When Disability Insurance Is Not Enough
While Social Security Disability Insurance (SSDI) payments come from a trust fund comprised of workers’ individual contributions over their lifetimes, Supplemental Security Income (SSI) is paid directly from the U.S. Treasury. The Social Security Administration (SSA) simply manages the program.
Qualifying for SSI
To be eligible for SSI, you must be:
- A U.S. citizen or national living in the U.S. or the Northern Mariana Islands
- Age 65 or older
- Either blind or disabled
The SSA also gives special consideration for the following circumstances:
- Disabled or blind children of parents with limited income and resources
- Some U.S. residents who are not citizens
- Applicants who live in a publicly operated community home with fewer than 17 residents
- Individuals living in a public institution to facilitate attendance at an approved educational or job-training program
- Residents of a public shelter for the homeless
- Incarcerated individuals who do not have any:
- Felonies or arrest warrants for escape from custody
- Flights to avoid prosecution or confinement
- Flight escapes
- Residents of institutions whose Medicaid benefits cover more than half of their care may receive a reduced SSI benefit
Additionally, as with all Social Security benefits, SSI is available to divorced individuals when they are:
- Currently eligible for Social Security benefits
- Divorced after a marriage lasting at least 10 years
- Currently unmarried
- Divorced from someone who is currently age 62 or older
- Entitled to benefits that are less than the benefits their ex-spouse would be entitled to
If all of these criteria are met, a divorced applicant can begin receiving benefits as soon as 2 years following his or her divorce. The SSA will first apply all of the benefits the applicant has accrued on his or her own work record. Then they will apply benefits based on the ex-spouse’s record until the “marital portion”—50% of the ex-spouse’s full retirement benefits—is reached.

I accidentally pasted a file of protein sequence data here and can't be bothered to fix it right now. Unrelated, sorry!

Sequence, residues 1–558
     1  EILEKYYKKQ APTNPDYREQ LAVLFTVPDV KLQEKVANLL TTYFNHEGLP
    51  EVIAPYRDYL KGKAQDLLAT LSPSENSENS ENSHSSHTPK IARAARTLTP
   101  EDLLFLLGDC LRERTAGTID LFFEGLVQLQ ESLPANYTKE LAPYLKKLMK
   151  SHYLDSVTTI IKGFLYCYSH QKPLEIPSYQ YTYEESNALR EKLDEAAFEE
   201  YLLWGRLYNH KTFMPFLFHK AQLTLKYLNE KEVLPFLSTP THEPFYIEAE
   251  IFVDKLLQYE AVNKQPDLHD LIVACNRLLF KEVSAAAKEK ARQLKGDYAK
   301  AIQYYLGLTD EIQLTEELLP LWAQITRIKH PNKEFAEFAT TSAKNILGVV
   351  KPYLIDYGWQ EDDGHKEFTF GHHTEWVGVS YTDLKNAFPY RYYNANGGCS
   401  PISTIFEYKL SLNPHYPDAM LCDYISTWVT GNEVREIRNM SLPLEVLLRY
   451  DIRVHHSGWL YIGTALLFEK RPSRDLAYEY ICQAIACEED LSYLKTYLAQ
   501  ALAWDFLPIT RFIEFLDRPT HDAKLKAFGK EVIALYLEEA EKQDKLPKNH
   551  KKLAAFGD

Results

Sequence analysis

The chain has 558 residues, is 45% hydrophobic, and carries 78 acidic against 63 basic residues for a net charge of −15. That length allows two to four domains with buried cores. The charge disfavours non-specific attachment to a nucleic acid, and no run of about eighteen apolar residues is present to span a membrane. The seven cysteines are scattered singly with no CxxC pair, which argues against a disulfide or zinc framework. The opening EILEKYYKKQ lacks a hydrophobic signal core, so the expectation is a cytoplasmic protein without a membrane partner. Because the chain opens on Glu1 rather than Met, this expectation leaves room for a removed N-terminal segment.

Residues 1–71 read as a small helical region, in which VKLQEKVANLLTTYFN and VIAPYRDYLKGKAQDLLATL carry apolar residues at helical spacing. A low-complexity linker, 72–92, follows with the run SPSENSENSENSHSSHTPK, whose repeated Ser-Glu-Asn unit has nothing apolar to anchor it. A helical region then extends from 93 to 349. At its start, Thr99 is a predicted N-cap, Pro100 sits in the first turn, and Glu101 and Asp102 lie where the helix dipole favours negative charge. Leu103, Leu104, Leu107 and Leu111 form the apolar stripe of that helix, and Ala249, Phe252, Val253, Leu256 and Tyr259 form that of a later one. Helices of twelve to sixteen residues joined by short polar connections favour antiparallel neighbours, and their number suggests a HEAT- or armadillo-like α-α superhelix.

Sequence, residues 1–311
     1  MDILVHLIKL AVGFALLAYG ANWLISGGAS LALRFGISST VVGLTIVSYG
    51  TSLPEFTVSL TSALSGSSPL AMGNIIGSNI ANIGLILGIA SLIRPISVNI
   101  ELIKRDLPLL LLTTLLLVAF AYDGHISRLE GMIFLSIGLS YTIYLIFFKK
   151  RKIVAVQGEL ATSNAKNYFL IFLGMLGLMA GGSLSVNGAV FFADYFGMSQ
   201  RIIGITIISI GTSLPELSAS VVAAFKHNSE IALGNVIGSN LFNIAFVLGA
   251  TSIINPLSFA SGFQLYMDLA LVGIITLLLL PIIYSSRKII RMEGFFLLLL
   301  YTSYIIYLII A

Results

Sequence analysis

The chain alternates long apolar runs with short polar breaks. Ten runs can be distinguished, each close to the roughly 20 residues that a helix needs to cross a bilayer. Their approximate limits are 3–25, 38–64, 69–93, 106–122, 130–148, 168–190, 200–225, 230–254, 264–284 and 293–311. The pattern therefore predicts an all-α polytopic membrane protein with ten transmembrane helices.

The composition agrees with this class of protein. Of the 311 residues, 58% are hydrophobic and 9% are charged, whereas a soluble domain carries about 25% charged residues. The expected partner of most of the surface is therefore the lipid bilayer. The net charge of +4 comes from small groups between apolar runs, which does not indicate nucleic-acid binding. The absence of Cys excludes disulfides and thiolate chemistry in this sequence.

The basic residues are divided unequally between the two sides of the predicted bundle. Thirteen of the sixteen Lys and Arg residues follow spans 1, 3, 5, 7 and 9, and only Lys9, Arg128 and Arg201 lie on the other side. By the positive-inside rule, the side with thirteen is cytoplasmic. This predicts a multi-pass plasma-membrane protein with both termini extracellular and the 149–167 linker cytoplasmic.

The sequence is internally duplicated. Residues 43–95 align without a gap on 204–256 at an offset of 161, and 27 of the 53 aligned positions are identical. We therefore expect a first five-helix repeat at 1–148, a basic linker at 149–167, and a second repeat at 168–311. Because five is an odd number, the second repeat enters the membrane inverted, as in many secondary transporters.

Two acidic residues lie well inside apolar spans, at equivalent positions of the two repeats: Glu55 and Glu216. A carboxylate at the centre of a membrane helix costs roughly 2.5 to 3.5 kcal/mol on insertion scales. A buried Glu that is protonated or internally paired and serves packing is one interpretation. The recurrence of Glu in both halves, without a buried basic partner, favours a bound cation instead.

As with SSDI benefits, to receive SSI payments, you must prove your disability prevents you from working. The SSA provides a list of specific conditions and diseases, both physical and mental, that qualify. The SSA will accept conditions that aren’t on their list when the impact is severe enough.
While benefits are not available for rehabilitation services for substance abuse, individuals diagnosed with addiction who can prove they are in recovery may qualify for assistance with problems arising from their addiction, such as cirrhosis of the liver or anxiety disorders. Even if you believe the diagnosis was incorrect, enrolling in a recovery program will increase your chances of qualifying for SSI benefits.
The SSA calculates both income and resources to determine if an individual is eligible for benefits. The first $20 of most types of income, and the first $65 of work income, are considered exempt. The SSA uses the remaining 50% of an individual’s income to determine eligibility. Income from spouses, as well as income from parents of disabled minors, are included in the SSA’s calculations.
Exemptions from this income include:
- Supplemental Nutrition Assistance Program (SNAP) benefits
- Energy assistance
- Donated shelter
- A portion of scholarships and work wages of student applicants
- Any wages used to pay for items necessary to maintain a job, such as a wheelchair, or bus fare for blind applicants